Artist Jayson Musson Speaks at POP Montreal

On Blackness, Politics and Art

  • Jayson Musson, American multimedia artist. Photo courtesy of POP Montreal

Jayson Musson’s art is decidedly influenced by his “blackness,” hip hop, and pop culture. Sarcastically, he uses cultural stereotypes to push the boundaries of—the mostly inaccessible—world of art.

“I think that the political aspect of the work is ingrained for me in the humour,” Musson explained. “My politics always comes out through the humour, you know, and the state of the world, the state of politics—it plays a role in it.”

Art Pop and Pop Montreal Symposium held a discussion and screening for New York-based artist Jayson Musson that gave audience members an in-depth look at his 14-year multimedia career.

Musson’s creations satirize pop culture and the institutionalized world of fine arts—while also providing a commentary on African-American identity within a political spectrum that he smears with humour. He does so by using popular content, whether it be a video of Kanye West proclaiming his genius on zoom repeat to ridicule the world of high fashion, or his commentary on Sept. 11, 2001 in his column entitled, “Black Like Me: The State That I Am In.”

Musson has had many successful solo exhibits that include word, paint, drawing and sculpting. His most popular creation is that of his alter ego, Hennessey Youngman.

The project, Art Thoughtz, is a serialized performance art piece in which the video character of Hennessey Youngman bitingly criticizes the art world.

The event took place at Art Pop on St. Urbain St. in a small room with absolutely no lighting except the gloomy gray natural light coming through the windows. The room was mostly filled with members of the press and some art enthusiasts.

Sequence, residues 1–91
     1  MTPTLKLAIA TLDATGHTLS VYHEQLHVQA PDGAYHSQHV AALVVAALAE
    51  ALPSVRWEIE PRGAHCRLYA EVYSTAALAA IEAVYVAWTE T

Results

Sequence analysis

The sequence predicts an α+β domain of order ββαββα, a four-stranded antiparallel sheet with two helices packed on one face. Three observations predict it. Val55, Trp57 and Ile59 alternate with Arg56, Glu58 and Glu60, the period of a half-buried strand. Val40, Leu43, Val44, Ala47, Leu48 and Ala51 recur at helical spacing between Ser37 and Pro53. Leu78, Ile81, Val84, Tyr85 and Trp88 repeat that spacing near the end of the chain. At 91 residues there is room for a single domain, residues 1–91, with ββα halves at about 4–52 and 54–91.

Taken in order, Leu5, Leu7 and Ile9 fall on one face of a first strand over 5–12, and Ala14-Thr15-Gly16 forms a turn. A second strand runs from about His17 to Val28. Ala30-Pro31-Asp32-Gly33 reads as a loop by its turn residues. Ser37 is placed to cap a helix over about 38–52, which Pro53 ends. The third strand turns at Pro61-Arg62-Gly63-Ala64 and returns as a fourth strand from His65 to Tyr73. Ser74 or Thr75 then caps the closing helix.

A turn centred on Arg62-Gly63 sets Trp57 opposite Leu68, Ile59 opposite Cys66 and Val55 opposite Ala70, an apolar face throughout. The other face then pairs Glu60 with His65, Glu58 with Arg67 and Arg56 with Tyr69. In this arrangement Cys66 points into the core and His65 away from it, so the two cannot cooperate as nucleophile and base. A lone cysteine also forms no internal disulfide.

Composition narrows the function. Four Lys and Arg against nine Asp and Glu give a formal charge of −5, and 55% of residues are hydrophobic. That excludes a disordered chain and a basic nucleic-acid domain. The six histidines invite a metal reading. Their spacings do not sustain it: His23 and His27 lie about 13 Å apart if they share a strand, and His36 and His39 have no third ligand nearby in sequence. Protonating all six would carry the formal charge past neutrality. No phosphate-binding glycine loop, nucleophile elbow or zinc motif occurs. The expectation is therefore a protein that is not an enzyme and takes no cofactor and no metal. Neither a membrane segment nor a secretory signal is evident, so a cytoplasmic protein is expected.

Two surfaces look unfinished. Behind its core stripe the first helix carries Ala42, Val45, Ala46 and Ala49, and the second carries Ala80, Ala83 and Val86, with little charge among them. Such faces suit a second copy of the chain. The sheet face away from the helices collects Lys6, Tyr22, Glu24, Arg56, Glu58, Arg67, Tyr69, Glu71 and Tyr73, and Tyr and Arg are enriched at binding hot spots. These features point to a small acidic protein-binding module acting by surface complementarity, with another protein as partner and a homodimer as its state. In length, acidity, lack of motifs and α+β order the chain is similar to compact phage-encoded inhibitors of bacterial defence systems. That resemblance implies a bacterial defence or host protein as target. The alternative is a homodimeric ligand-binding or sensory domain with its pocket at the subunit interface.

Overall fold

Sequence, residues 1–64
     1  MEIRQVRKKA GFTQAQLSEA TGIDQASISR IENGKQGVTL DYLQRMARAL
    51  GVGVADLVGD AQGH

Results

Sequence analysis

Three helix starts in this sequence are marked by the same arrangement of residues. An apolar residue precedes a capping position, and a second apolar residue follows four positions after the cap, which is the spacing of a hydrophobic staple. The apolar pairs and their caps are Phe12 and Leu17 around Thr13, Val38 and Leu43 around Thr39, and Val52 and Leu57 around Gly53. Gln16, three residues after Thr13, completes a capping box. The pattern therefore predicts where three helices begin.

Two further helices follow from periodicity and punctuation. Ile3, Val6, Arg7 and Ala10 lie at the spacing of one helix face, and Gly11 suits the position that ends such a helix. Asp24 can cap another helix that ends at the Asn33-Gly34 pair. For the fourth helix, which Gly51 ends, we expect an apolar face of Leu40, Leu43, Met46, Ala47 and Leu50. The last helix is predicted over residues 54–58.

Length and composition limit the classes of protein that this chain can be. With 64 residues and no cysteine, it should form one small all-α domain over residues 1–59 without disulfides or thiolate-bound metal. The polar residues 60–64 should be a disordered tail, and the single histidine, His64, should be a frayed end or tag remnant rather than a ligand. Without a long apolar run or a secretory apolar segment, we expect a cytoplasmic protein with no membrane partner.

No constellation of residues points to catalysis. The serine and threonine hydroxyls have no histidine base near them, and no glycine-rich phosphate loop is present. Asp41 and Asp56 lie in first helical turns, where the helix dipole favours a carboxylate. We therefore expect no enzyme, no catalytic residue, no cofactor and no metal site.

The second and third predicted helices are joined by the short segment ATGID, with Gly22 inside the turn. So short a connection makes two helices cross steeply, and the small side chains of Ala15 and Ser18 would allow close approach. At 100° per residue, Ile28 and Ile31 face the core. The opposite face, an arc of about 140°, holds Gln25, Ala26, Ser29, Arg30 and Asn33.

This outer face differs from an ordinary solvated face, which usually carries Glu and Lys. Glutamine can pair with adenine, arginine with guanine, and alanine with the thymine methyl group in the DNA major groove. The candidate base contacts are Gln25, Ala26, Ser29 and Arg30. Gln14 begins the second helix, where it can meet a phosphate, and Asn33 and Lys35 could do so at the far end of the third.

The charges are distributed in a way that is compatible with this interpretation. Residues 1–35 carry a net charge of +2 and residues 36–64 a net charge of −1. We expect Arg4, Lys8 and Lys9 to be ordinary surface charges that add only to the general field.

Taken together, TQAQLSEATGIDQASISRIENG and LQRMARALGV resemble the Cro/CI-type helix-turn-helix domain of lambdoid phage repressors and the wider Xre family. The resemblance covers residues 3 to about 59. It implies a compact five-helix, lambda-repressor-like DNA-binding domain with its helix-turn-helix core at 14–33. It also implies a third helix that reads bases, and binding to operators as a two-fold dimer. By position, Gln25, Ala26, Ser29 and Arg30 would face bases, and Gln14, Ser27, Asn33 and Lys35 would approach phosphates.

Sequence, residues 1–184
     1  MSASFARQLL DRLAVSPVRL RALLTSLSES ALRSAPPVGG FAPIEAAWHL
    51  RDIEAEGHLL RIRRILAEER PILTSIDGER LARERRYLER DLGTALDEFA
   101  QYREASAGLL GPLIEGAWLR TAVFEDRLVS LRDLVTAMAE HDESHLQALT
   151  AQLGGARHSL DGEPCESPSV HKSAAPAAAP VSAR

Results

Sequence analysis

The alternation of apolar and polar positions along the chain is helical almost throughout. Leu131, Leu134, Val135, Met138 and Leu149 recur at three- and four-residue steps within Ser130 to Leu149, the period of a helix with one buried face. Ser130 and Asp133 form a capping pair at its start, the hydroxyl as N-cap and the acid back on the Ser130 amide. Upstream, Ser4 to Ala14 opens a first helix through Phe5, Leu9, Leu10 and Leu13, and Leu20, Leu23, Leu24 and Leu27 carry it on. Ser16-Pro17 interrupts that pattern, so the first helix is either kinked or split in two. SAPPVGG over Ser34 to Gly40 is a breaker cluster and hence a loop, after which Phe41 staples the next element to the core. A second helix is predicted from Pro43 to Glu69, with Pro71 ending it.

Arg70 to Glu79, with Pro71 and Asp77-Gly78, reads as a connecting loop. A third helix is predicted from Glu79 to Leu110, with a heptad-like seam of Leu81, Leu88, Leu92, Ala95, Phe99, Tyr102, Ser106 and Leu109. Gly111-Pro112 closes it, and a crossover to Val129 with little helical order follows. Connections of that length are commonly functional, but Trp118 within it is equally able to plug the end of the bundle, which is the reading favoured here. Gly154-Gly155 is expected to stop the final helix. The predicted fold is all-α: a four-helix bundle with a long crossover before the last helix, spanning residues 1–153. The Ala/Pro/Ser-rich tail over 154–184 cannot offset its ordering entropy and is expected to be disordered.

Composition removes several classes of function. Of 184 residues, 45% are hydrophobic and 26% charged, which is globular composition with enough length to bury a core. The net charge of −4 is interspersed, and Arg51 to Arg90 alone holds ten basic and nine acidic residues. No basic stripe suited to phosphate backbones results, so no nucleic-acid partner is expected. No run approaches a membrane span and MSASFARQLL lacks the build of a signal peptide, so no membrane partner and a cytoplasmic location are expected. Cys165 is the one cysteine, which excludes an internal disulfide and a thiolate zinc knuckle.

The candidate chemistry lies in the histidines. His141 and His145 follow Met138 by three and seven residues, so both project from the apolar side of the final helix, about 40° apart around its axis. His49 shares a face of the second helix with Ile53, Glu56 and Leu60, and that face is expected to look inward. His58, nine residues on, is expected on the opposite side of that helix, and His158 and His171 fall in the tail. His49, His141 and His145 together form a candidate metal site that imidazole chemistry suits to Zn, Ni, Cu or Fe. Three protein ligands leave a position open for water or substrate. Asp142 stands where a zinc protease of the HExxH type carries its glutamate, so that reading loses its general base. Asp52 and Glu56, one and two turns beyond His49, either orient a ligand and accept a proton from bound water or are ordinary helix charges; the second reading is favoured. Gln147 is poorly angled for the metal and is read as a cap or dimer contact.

Musson started making art young, dreaming of life as a comic book artist. It’s what pushed him to go to art school. He completed his BFA in photography in 2002 at the University of Art in Philadelphia and went back years later to complete his MFA in painting at the urging of a former professor.

On studying art, Musson said that “the idea of going to school twice for art—I didn’t know that was a thing—that sounds like a horror movie.”

“The idea of going to school twice for art—I didn’t know that was a thing—that sounds like a horror movie.”— Jayson Musson, artist

et living and studying in Philadelphia ended up being the perfect place for Musson to develop his craft.

This was not Musson’s first time in Montreal. Back in 2012, he gave a lecture at Concordia University.

This latest event was co-hosted by Roxanne Arsenault, the program director of Centre Clark, an artist-run centre “dedicated to the dissemination and production of contemporary art” based here in Montreal.

Musson said that because Philadelphia is not known as an “art city” or hub in any way, it allows the artist to create and thrive more freely outside of the constraints and criticism of the art world. His solo exhibits include Too Black For BET and Barack Obama Battles The Pink Robots. The latter he said was his reaction to the “mythology” of the first black president and the fallacious idea that he could really save us all.

About the process of selecting a platform for his artwork, Musson said “some projects just seem to lend themselves naturally to certain platforms. But that has been a problem in the past.”

“You hope that as you work on it and think about it and develop it, that it will take its natural form. You hope but it’s not always the case,” he explained.

It is clear that Musson’s work is impacted by politics, but he said his work aspired to more than that.

“For me, I think humour is always primary. Because I think that’s one of the great vessels for dealing with trauma, it’s humour. There has always been a comic morbidity to my work. That’s how my politics manifest.”

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